Political correctness comes in many flavors, some of them traditional or conservative. Additionally, I am also not persuaded that the controversies are as one-sided as the polemicists claims. Marshall’s narrative was one believed by a great many Americans who felt it was being taken from them by a new generation of untrustworthy historians. Zinn did not secure a publisher because his work was original but because a great many people already believed his narrative. His was not a declaration of independence but a battle in a war long under way. Thus their eliding the inconvenient is even less justified.
Reasonable authors may slip, and native religion has been receiving one-sided treatment at least as far back as the 1960’s. They were animists, or totemists, to use a less-familiar but more precise word. This is very common among peoples with no system of writing. If one stops to think about it, of course it’s going to be difficult to develop an overall theory of nature, existence, and spiritual underpinnings without being able to write it down and share it from village to village or generation to generation. If at least some people in the area are literate one can move into philosophy, theology. Prior to that, even polytheism is going to be a stretch. In reading up on the Wild Hunt in northern European mythology I found the huntsmen could be elves, the dead, fairies, or even vaguer creatures. Their leader might be Woden, Gwyn ap Nudd, or the Devil and their purposes, though always dangerous to humans, varied from tribe to tribe. Each valley had its own mythology, related but not identical. Gods and demons lived in the rituals surrounding them, not texts.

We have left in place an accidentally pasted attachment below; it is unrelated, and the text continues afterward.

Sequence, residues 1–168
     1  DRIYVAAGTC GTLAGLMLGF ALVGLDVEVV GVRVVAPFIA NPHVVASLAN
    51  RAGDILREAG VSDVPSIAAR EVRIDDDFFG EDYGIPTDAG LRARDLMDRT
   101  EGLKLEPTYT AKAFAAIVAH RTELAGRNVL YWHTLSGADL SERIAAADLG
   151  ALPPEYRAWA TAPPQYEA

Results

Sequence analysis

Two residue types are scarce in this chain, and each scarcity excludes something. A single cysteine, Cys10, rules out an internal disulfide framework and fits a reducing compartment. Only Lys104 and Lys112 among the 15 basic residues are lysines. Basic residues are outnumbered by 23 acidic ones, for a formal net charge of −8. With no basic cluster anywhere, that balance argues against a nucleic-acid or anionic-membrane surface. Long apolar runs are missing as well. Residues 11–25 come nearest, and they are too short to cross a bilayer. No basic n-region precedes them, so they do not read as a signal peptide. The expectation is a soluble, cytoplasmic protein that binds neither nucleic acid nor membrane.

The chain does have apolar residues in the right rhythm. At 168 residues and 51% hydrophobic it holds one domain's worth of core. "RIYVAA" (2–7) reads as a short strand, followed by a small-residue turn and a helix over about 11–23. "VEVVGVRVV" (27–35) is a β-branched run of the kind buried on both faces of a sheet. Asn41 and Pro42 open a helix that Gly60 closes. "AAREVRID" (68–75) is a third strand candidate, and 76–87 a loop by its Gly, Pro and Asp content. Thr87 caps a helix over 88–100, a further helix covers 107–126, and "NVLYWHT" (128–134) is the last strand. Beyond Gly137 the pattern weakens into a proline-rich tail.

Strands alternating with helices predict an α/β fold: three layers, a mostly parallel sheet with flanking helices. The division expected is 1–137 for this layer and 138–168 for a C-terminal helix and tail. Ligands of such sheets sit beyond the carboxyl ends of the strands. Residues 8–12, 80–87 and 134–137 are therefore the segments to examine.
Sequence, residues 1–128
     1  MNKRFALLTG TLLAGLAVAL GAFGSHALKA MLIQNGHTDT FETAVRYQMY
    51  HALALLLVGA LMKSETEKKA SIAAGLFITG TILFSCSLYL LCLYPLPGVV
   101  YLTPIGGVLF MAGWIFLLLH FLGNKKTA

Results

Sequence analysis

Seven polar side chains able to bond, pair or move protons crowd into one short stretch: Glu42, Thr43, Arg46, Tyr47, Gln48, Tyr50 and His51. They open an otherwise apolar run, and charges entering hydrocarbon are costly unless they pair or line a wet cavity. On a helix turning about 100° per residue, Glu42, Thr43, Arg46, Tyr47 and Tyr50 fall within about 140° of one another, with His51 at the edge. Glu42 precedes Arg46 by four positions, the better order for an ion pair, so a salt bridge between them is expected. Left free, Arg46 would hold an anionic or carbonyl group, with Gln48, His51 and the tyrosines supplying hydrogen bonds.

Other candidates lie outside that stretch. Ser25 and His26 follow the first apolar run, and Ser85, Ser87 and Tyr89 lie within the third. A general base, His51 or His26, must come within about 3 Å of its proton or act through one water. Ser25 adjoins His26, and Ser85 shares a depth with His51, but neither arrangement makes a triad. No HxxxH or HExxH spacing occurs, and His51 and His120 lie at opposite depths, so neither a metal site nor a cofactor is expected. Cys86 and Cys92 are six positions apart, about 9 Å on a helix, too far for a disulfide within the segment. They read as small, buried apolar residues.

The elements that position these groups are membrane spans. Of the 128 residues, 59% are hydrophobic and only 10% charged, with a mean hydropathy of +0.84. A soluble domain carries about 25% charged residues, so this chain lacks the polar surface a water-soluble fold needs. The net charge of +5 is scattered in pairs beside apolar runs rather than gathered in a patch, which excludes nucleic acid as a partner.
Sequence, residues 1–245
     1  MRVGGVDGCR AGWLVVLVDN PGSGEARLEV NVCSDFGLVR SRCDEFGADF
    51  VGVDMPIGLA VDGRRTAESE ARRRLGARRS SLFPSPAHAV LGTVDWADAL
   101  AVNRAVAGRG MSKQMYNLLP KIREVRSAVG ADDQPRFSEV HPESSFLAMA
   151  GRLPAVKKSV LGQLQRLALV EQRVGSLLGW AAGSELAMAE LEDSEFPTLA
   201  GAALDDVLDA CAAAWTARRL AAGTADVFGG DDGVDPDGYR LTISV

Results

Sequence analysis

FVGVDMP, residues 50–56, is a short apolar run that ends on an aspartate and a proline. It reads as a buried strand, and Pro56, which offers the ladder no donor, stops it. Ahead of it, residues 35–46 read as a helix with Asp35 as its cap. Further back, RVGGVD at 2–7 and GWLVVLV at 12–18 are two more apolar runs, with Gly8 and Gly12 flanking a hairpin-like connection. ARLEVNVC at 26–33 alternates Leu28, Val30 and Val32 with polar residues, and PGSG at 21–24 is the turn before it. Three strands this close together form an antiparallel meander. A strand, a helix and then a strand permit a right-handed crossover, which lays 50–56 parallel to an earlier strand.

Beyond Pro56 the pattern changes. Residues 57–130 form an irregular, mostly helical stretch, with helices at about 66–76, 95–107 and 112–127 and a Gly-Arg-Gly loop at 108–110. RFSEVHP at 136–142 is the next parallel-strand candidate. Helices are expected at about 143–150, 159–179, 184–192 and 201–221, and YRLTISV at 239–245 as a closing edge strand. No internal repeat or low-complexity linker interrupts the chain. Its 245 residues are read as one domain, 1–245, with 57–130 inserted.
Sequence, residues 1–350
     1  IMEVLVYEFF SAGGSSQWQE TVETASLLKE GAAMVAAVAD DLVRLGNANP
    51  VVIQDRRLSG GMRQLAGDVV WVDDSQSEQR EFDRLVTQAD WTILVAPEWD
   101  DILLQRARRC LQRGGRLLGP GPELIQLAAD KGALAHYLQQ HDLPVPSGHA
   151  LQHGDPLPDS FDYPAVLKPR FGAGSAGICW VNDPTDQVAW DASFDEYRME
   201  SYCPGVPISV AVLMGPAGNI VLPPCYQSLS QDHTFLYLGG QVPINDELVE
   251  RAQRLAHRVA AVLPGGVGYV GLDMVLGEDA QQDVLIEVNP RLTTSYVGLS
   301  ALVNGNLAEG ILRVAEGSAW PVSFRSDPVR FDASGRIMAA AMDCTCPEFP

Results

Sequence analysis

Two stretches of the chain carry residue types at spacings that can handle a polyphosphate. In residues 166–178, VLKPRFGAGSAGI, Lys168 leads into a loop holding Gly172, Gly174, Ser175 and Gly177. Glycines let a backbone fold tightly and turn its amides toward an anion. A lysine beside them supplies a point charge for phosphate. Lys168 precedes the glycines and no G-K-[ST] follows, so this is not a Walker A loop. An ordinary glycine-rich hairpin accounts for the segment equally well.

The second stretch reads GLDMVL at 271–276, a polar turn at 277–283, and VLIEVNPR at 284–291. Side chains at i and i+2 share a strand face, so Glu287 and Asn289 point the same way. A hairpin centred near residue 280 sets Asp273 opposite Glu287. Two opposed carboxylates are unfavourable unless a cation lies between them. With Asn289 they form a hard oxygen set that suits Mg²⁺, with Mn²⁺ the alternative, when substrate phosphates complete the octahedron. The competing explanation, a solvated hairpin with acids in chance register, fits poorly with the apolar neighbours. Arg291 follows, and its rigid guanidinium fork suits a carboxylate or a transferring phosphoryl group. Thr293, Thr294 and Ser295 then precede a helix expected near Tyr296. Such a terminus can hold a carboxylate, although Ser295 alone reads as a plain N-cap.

This is not to be disdained – Christians would do well to better understand that God exists as much in the rituals of worship as in what we think about him. We become so abstract that we have no blood. But it is not the same thing as a unified theology, of which the Native Americans had little. Yet the historians writing about them were at great pains to project a theory of the cosmos back onto their beliefs. It seems a little patronising, actually, that they had to imbue this rather standard preliterate culture with a nice, dry, philosophical underpinning. Interesting. It wasn't that long ago that most of my ancestors believed in tomten, or sacred groves. I don’t know what the current habit of historians is on the matter.
*I have mentioned this before. Between 1620 and King Philip’s War, the Europeans the Puritans left behind were quite frequently at war, and the native tribes just outside the coastal range were at war, but eastern New England was largely at peace, even with all the differences and misunderstandings
**it struck me while writing that “gloss over” could come from “disguise by polishing,” or from “deceptive words of explanation,” the former being related to glow, the latter to glossary. Looking it up, it seems the two concepts come from different roots but have influenced each other in English for centuries. So there.